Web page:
Now, back to the study results. If NEAT is NON-VOLUNTARY activity energy expenditure, then conscious rationally driven behavior has nothing to do with it. It's purely physiology talking. It's our genes' handwriting. And if this handwriting reveals such a substantial effect on weight development, shouldn't we look at means to increase NEAT, rather than keeping our current tunnel vision on exercise, which we already know is so difficult to adopt for most people? Let's put some effort into designing "obligatory" NEAT into our life. Or rather, designing NEAT killers (such as remote controls) out of it. 
To our alien researcher, this might just be the next experiment, as it is for his human peers who are already experimenting with running wheels and wheel locks in their lab rats' cages. After all, a 332 kcal/day deficit translates into almost 14 kg of fat over a year. That's certainly something which public health ought to be interested in.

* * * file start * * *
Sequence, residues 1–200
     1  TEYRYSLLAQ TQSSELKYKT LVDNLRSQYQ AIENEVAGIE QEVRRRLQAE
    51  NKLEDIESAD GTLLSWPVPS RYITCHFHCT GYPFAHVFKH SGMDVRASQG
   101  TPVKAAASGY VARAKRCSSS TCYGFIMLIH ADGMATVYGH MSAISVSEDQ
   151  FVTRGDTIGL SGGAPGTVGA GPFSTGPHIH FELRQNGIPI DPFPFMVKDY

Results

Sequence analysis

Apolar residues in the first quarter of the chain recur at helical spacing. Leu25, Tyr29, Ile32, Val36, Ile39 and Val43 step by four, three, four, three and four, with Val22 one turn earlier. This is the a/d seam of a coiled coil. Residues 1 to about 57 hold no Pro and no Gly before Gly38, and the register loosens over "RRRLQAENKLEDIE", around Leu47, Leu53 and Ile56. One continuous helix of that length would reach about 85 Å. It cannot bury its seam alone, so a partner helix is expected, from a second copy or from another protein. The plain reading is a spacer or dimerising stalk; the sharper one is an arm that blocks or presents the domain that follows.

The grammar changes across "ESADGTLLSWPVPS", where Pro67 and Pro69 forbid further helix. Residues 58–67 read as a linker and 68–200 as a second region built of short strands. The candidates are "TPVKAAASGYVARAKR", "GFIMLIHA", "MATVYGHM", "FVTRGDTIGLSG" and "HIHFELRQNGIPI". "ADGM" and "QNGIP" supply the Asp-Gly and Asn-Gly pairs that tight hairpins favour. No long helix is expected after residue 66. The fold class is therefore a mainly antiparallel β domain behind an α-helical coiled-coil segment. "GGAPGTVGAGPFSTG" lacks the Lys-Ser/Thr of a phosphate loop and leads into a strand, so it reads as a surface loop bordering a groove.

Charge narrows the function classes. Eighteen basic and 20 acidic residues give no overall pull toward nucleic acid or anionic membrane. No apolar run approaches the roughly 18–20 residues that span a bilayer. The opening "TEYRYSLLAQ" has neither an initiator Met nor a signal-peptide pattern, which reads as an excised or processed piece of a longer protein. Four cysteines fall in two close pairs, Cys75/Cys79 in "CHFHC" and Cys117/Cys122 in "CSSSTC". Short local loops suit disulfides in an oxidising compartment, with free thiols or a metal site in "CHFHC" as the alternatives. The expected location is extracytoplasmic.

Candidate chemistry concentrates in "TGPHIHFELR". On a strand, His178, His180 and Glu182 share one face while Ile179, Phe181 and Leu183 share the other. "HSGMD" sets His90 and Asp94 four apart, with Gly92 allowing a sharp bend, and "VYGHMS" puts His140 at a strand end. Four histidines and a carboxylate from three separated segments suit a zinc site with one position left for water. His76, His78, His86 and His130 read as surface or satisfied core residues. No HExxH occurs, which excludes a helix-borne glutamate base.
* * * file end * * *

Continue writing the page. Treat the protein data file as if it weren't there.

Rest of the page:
1. Eriksson B, Henriksson H, Löf M, Hannestad U, Forsum E: Body-composition development during early childhood and energy expenditure in response to physical activity in 1.5-y-old children. The American Journal of Clinical Nutrition 2012.

2. Levine JA, Eberhardt NL, Jensen MD: Role of Nonexercise Activity Thermogenesis in Resistance to Fat Gain in Humans. Science 1999, 283(5399):212-214.

Eriksson B, Henriksson H, Löf M, Hannestad U, & Forsum E (2012). Body-composition development during early childhood and energy expenditure in response to physical activity in 1.5-y-old children. The American journal of clinical nutrition PMID: 22836033

Levine JA, Eberhardt NL, & Jensen MD (1999). Role of nonexercise activity thermogenesis in resistance to fat gain in humans. Science (New York, N.Y.), 283 (5399), 212-4 PMID: 9880251

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  1. Quick question:

    This study seems to suggest that NEAT did not play a significant role in increased energy expenditure with overfeeding.

    Much of the energy taken in was dissipated as heat.

    I also noted this study where overweight individuals have been shown to have low body temperatures.

    So it could be possible that increase in both NEAT and Heat dissipation were the main factor in keeping lean subjects lean? or it could be one or the other or possible neither...

    Any thoughts?

    1. Thanks very much, Scotty, for your question and suggestion.